FIRE

The Covington News - - Front page -

Cov­ing­ton Fire Chief Don Floyd, who is also the ad­vi­sory com­mit­tee, said the academy will be a great part­ner for lo­cal de­part­ments.

“It’s a win-win sit­u­a­tion for every­one to part­ner with DeKalb Tech. They’ll pro­vide pub­lic safety train­ing in our back­yard, so we don’t have to go down to Forsyth,” Floyd said.

Floyd said the Cov­ing­ton Fire Depart­ment is giv­ing DeKalb Tech a re­tired 1989 pumper truck, which can no longer be used pro­fes­sion­ally. In ex­change for the truck, which is val­ued around $37,000, DeKalb Tech will pro­vide sev­eral up­per-level train­ing cour­ses to the city’s ex­ist­ing fire­fight­ers in ar­eas like ba­sic and ad­vanced car­diac life sup­port, lead­er­ship re­port writ­ing, ethics, weld­ing construction and haz­ardous sit­u­a­tions, Floyd said.

Wieser said the academy will be lo­cated on the back­side of the Al­covy Road cam­pus, next to the Av­enue of Cham­pi­ons. In ad­di­tion to the pumper, the academy will in­clude a burn build­ing, train­ing maze, train­ing tower, re­ten­tion pond, ve­hi­cle burn mod­ule, ex­tri­ca­tion mod­ule and other equip­ment. Wieser said the academy will op­er­ate like other acad­e­mies, with stu­dents train­ing in full uni­forms and in the same type of en­vi­ron­ment they will ex­pe­ri­ence in the field.

“There will be very lit­tle tran­si­tion needed to move straight into a depart­ment,” he said.

Each fire depart­ment still has to train new em­ploy­ees on that depart­ment’s spe­cific op­er­at­ing prac­tices, but academy grad­u­ates should be well pre­pared to ab­sorb quickly that train­ing, Wieser said.

Al­though the academy will be set up to train new re­cruits, DeKalb Tech al­ready has a Fire Sci­ence as­so­ciate de­gree pro­gram in its sec­ond year, which is de­signed to ex­pand on the ba­sic fire­fighter train­ing. The type of classes of­fered at the de­gree pro­gram, are the type of classes the Cov­ing­ton Fire Depart­ment will be re­ceiv­ing in ex­change for its pumper truck. Wieser said the classes will be of­fered on­line to work around the fire­fighter sched­ule, of 24 hours on, 28 hours off.

“The Fire­fighter I pro­gram (fire academy) is the ba­sic min­i­mum train­ing needed to be fire­fighter, but the de­gree will ex­pand on that knowl­edge base and teach lead­er­ship and man­age­ment classes, in­ci­dent com­mand, fire ser­vice in­spec­tions, fire ser­vice in­struc­tor classes,” Wieser said. “Those peo­ple will be ready for mid­dle man­age­ment type of po­si­tions within fire de­part­ments. A lot of area de­part­ments re­quire fire sci­ence de­grees for pro­mo­tion.”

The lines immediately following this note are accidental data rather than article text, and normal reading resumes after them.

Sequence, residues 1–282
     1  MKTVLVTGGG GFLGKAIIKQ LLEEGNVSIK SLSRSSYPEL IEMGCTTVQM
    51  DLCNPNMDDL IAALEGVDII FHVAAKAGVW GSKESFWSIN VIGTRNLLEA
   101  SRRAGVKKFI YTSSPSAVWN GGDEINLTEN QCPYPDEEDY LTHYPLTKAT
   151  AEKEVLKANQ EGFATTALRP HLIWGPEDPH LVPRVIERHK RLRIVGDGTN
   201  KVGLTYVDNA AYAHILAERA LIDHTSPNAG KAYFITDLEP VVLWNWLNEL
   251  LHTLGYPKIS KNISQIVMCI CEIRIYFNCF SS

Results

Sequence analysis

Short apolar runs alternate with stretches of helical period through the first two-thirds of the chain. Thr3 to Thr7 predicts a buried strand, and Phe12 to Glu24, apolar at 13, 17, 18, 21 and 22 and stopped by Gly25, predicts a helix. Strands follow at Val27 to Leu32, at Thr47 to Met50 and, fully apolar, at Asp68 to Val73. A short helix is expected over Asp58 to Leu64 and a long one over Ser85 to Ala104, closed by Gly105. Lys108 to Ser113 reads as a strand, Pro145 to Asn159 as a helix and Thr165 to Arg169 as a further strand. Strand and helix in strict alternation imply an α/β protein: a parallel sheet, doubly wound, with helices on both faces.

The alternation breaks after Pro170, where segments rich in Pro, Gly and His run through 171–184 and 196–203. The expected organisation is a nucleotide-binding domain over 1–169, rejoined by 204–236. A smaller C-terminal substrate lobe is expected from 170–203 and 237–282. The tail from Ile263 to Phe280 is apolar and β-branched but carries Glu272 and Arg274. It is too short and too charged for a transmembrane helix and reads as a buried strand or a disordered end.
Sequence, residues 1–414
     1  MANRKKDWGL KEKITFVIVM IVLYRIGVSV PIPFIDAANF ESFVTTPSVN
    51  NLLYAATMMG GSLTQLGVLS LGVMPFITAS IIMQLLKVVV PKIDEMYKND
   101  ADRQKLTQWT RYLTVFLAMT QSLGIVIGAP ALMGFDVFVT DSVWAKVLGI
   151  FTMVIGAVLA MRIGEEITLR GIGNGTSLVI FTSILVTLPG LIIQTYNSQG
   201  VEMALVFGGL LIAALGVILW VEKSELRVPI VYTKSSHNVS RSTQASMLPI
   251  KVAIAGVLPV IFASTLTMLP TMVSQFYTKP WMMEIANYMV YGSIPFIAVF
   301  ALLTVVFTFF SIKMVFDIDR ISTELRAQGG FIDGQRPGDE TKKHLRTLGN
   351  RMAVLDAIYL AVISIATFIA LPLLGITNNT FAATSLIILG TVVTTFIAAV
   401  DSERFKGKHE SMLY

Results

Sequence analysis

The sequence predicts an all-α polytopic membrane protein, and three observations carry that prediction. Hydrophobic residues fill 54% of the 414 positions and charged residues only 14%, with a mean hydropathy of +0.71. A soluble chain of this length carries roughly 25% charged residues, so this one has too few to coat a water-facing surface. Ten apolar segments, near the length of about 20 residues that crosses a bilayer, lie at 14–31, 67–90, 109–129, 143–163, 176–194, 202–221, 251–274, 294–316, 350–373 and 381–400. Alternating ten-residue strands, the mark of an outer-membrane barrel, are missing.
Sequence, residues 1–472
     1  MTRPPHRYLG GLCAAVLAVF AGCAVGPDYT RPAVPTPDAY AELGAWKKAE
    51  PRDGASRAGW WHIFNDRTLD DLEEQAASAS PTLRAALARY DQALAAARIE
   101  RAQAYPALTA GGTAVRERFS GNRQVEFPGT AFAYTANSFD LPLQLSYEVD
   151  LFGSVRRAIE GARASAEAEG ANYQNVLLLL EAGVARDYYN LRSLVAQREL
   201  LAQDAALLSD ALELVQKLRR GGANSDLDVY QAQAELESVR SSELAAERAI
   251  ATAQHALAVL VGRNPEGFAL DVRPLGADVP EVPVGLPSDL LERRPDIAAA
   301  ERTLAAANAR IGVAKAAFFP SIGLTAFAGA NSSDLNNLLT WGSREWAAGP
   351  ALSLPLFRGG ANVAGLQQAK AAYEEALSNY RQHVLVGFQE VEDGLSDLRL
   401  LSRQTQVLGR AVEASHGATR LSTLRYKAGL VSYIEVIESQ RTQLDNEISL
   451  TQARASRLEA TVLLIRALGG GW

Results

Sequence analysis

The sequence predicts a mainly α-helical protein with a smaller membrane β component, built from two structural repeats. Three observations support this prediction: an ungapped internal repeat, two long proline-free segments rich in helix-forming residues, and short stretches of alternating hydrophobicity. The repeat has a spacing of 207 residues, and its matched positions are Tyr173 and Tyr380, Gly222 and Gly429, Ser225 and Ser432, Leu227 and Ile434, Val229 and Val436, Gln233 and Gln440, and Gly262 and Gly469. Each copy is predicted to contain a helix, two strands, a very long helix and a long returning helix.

Sat­ter­field said the county would still em­ploy lo­cal fire in­struc­tors to do its own ad­vanced train­ing.

Both Sat­ter­field and Floyd said their de­part­ments had two fire­fighter open­ings and the turnover rate at the de­part­ments is low. How­ever, both de­part­ments have plans to add some more fire sta­tions within the next few years, as­sum­ing money is avail­able. Sat­ter­field said his depart­ment hired be­tween 12 to 15 peo­ple ev­ery time a new sta­tion is opened, so the fire academy would be es­pe­cially help­ful at that time. Cur­rently New­ton County has around 80 full-time fire­fight­ers and around 80 vol­un­teers, while Cov­ing­ton’s fire depart­ment has around 55 em­ploy­ees.

Also planned for the fu­ture is a joint city-county fire train­ing cen­ter. The cen­ter would per­form the same func­tions of DeKalb Tech’s fire academy, so it has yet to be de­ter­mined if and how th­ese two pro­grams would work to­gether. How­ever, DeKalb Tech’s pro­gram is ex­pected to pro­vide fire­fight­ers to sev­eral sur­round­ing coun­ties, not just New­ton County.

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